Oct 30 AT 2:22 PM Nick Gray 14 Comments

Motorola Droid Turbo speed test and benchmark results

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Based on specs alone, Verizon’s Motorola Droid Turbo is one of the most powerful Android phones ever built. The fact that the Droid Turbo is only available on Verizon will keep it from being a smash hit, but that has no impact on the experience the phone delivers. Motorola’s software is clean and thoroughly optimized, but the phone’s overall usability is mainly determined by the network it’s on and its internal components.

LTE speed test

Verizon is known for having the most reliable LTE network in the US. It’s had its ups and downs, but Verizon has been committed to improving its network on a regular basis. We’ve been using the Motorola Droid Turbo for a few days now and have not had any issue with reception and network speeds for web browsing, and app downloads have been good too. To see how fast we would pull data over Verizon’s LTE network, we ran the Ookla and the FCC speed test apps and consistently saw download speeds between 32Mbps and 35Mbps, with upload speeds ranging from 23Mbps to 29Mbps. The Droid Turbo is classified as an XLTE device by Verizon, but have yet to see a real difference in performance between XLTE and LTE devices on Verizon’s network.

Benchmark performance

We know that benchmarks don’t accurately represent how a phone performs in day to day use, but the numbers do shed light on a device’s peak performance. Most of today’s flagship phones perform admirably and you’d be hard pressed to find a game on Google Play that requires a Snapdragon 805 SoC and three gigs of RAM to perform optimally. However, we’re sure many of you still want to know how much performance you could squeeze out of the Motorola Droid Turbo if you really had to. Yes, the number don’t really mean much, just like a Bugatti’s 0-60 time or top speed aren’t really relevant since the only time they come into play is when you’re using the car on a race track.

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Nick is a tech enthusiast who has a soft spot for HTC and its devices. He started HTCsource.com (the first HTC blog) back in 2007 and later joined the Android and Me family in the summer of 2010.

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  • Chuck D

    This is a very helpful message re speed of Droid Turbo. Thanks for the post.

  • Tina

    I have a question. My sister is flying to San Francisco next week.
    I heard that San Francisco has won the Basketball championships and that there are riots with hundreds of wunded, dead people. I remember Ferguson. So, is it safe to fly to america (a very violent country with a high crime/murder rate)?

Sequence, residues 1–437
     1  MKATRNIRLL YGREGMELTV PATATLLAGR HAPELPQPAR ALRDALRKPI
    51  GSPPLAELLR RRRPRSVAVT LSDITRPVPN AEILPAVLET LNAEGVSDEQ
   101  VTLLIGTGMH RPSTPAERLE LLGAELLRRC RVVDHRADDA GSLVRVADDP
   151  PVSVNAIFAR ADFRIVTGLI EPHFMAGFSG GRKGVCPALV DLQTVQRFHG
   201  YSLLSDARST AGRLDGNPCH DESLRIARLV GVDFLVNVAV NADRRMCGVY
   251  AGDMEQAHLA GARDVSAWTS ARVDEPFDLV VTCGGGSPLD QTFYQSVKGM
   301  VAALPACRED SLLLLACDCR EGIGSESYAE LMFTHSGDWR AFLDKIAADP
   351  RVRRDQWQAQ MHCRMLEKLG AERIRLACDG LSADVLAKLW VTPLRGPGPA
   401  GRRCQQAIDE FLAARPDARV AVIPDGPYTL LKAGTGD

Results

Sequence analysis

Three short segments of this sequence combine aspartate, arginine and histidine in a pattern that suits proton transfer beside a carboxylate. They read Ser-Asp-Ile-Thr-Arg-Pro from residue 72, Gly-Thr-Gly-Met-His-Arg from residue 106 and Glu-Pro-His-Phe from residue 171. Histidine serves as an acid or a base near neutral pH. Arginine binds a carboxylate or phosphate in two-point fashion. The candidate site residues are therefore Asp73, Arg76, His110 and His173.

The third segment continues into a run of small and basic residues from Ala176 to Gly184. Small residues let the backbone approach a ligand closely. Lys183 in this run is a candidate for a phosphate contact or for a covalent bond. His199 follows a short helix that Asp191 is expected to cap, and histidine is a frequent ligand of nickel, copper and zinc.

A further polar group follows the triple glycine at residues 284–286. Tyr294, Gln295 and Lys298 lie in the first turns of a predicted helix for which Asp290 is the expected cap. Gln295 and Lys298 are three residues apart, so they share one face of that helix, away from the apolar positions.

Anyone from California can answer?

    • MSmith79

      Think you made a left turn in Albuquerque.

    • James

      San Francisco is safe. That was a small, one day affair with celebrating baseball fans. Absolutely no relation to Ferguson, Missouri.

    • pierre

      DO NOT COME TO SAN FRANCISCO
      The riots have calmed down now but there are still roving packs of wild dogs in the street hunting for food at night. The homeless people have resorted to eating each other and the police try to keep order by driving around in armored vehicles with machine guns to disperse crowds. Meanwhile in the rich neighborhoods private armies protect the streets on patrol and from sniper positions as well as checkpoints. The football stadium is being used as a reeducation camp for conservatives and those not a part of the “union of free thinkers” It is a mess as it reminds me iraq a few years ago when i was there. If your smart you should fly into a safe city like either detroit or oakland if you can. Should you come to san francisco you can hire an armed vegan mercinary with an armored vehicle to escort you around or use a chinatown tour bus to get you safely from place to place. dont stand near windows of your hotel in case snipers are in the area.

  • Burt Reynolds

    Tina you are correct “Merica” is very violent country with a high murder rate I would not come here. Stay in your own country.

  • steelew

    I really hate it when manufacturers and carriers get together and produce a phone for ONE carrier. This is ridiculous. Make a GSM version!…and get rid of the capacitive nav buttons.

  • ChazzMatt

    The USA AT&T version has already passed the FCC and will probably be called “Moto X Play”. “Droid” may be “exclusive” to Verizon, but the same model under a different name often shows up at other carriers.

    “Droid Turbo” will become the “Moto X Play” for AT&T.

    Droid Turbo (Verizon: FCC ID IHDT56PK1)
    Moto X Play (AT&T: FCC ID IHDT56PK2 )

    Has AT&T bands, and the documentation also states that the new device “is electrically equivalent to the certified device carrying FCC ID IHDT56PK1.”

    What I’m REALLY waiting for is a “Pure Edition” of the “Moto X Play” — like Motorola has done for the 2014 Moto X. No carrier branding, no bloatware, unlockable bootloader.

  • austindroidman

    have you tried using gamebench to measure the true performance of devices using real apps? there is a free version available on google play

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  • dave

    why tell us something really useful, like how long the battery lasts?

  • Raymond Roshan

    i have doubt about its display size..
    is abouve display size is true???

  • Raymond Roshan

    Nice article…